Referring to FIG. 17B, step 632 decides if the user provided flag is set and the maxsize flag is not set. If both conditions are true, step 640 computes the new SPCB buffer size as a multiple of the block size if the buffer size is not already set. Step 634 sees if the mergetype is set to NEG.BOTH. If so, step 642 sets the new SPCB minbuf field to be the larger of the source or target minbuf fields. Step 636 sees if the mergetype is set to NEG.BOTH. If so, step 644 sets the new SPCB maxbuf field to be the larger of the source or target maxbuf fields. Step 638 then checks to see if the minbuf field of the new SPCB is less than its maxbuf field and if so, step 646 then sets the minbuf field of the new SPCB to equal the maxbuf field thereof. Negative determinations from steps 632-638 simply causes the illustrated succeeding steps to be performed.
When step 648 in FIG. 17C occurs, the target SPCB.MAXSIZE flag is checked to see if it is set. If it is not set, step 654 then sets the new SPCB buffer size to equal the buffer size in the source SPCB and a return is made. If step 648 results in a positive determination, step 650 checks to see if the source SPCB buffersize is equal to or less than the buffer size of the target SPCB. If so, step 656 sets the new SPCB buffersize field to equal the source SPCB.BUFFERSIZE, before returning. If step 650 results in a NO, step 652 sets an error condition prior to returning.
Step 658 (FIG. 17D) decides if the target SPCB fixedbuf flag is set. If it is set, step 660 then determines if the buffersize in the target SPCB is equal to or less than the buffer size in the source SPCB. If so, step 686 sets the buffersize of the new SPCB to equal the buffer size in the target SPCB. If the result of step 660 is NO, step 662 sets an error condition prior to returning. If step 658 produces a negative result, step 664 then sets the buffer size of the new SPCB to equal the buffer size in the source SPCB.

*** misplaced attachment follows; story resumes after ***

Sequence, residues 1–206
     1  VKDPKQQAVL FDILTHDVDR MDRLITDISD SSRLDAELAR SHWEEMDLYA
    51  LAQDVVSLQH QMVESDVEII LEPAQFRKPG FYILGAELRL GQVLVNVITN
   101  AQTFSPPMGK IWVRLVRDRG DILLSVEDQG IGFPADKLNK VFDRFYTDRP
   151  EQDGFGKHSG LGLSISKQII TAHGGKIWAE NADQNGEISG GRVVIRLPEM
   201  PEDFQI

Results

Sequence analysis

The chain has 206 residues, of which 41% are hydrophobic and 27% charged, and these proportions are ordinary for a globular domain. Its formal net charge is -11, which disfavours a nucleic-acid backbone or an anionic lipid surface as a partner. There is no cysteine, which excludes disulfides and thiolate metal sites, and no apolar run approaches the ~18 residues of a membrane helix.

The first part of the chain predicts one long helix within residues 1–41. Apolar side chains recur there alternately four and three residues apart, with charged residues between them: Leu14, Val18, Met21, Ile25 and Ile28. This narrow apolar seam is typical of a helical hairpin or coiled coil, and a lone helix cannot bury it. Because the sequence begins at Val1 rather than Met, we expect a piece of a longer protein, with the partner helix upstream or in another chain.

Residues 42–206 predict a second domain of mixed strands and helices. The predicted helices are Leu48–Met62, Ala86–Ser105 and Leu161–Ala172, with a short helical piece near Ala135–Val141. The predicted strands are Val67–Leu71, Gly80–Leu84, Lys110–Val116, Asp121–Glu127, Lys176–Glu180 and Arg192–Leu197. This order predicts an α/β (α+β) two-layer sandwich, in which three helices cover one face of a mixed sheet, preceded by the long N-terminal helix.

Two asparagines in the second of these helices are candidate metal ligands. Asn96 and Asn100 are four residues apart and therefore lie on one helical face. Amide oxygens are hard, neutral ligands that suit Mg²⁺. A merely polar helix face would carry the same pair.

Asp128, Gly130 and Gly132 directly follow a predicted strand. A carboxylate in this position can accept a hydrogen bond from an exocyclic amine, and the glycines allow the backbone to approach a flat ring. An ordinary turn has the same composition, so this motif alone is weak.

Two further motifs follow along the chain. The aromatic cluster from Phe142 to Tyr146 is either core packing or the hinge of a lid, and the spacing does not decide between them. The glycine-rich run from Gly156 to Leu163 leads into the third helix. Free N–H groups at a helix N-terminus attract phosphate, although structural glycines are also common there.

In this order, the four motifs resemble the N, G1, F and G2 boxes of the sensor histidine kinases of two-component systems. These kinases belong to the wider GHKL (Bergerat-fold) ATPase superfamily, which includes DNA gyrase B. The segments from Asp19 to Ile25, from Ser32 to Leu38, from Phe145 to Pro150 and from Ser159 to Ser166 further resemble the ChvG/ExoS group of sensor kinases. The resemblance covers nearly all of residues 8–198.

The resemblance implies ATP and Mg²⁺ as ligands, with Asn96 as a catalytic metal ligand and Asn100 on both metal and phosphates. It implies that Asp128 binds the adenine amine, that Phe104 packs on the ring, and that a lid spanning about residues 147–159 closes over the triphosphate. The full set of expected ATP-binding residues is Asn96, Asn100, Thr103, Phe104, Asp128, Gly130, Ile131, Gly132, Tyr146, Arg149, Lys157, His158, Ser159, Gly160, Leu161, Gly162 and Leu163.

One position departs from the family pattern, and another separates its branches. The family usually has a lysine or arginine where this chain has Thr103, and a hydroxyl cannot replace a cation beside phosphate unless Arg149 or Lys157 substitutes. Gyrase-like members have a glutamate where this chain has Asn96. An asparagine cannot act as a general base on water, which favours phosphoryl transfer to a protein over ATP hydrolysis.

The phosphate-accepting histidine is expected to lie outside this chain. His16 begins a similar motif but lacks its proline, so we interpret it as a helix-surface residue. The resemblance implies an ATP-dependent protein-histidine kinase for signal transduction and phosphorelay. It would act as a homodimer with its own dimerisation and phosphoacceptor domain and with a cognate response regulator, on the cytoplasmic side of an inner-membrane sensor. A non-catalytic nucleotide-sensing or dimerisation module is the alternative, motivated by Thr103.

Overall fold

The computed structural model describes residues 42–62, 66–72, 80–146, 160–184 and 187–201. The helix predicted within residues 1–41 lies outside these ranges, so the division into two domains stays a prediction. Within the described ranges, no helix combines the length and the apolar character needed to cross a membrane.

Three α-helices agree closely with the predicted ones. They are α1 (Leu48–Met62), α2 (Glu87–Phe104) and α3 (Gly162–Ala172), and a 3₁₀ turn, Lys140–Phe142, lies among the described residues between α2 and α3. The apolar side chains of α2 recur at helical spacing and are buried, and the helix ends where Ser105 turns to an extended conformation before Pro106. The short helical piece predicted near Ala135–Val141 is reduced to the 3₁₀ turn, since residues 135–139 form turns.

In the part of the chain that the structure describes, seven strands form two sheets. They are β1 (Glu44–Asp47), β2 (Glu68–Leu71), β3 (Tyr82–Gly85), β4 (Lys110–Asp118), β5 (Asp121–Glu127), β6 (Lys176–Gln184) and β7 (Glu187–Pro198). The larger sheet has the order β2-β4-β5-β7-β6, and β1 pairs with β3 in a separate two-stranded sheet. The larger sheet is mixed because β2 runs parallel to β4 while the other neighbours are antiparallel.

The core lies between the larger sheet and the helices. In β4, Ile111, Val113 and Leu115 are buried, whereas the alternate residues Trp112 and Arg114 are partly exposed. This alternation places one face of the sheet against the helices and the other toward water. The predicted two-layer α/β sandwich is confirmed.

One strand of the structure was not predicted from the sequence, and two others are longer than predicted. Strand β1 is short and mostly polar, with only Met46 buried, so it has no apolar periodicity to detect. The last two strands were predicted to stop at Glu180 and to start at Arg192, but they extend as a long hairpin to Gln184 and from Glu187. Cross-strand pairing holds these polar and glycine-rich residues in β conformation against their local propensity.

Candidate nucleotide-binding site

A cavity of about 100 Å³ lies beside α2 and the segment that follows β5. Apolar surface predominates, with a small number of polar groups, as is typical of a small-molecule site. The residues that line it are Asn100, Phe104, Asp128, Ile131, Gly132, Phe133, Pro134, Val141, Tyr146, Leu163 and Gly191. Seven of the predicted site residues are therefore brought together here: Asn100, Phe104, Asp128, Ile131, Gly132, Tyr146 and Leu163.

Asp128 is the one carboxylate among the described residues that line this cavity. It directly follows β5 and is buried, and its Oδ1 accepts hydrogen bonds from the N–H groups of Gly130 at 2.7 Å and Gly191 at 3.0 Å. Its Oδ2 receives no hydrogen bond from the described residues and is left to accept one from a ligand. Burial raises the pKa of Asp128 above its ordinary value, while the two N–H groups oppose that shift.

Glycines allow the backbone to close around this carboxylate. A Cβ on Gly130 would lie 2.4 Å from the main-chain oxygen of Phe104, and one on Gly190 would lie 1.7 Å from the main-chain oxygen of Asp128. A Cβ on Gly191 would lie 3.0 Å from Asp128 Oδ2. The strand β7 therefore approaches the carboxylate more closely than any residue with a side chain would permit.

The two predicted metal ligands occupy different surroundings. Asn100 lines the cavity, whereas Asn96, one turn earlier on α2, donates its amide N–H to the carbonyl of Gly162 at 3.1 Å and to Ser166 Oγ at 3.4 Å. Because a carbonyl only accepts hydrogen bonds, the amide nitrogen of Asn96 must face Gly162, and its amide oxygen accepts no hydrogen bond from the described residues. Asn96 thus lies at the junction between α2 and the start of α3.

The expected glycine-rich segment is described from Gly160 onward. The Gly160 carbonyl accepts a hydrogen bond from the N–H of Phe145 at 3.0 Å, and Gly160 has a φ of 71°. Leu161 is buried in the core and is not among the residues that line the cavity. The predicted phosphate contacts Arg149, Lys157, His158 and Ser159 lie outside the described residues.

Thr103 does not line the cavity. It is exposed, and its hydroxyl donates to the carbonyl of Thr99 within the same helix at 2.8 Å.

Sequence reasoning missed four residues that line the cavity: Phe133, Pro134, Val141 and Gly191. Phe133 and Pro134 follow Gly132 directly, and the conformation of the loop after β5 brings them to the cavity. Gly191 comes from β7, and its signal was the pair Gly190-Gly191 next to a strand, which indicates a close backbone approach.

It should be apparent to those skilled in the art that many changes can be made in the details and arrangements of steps and parts without departing from the scope of the invention as defined in the appended claims.
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|U.S. Classification||719/314, 709/231|
|Aug 21, 1992||AS||Assignment|
Owner name: INTERNATIONAL BUSINESS MACHINES CORPORATION, A COR
Free format text: ASSIGNMENT OF ASSIGNORS INTEREST.;ASSIGNORS:KOVAL, MICHAEL J.;LAWTON, WILLIAM W.;TYLER, JOHN G.;ANDOTHERS;REEL/FRAME:006245/0451
Effective date: 19920820
|Nov 12, 1997||FPAY||Fee payment|
Year of fee payment: 4
|Dec 14, 2001||FPAY||Fee payment|
Year of fee payment: 8
|Mar 1, 2006||REMI||Maintenance fee reminder mailed|
|Aug 16, 2006||LAPS||Lapse for failure to pay maintenance fees|
|Oct 10, 2006||FP||Expired due to failure to pay maintenance fee|
Effective date: 20060816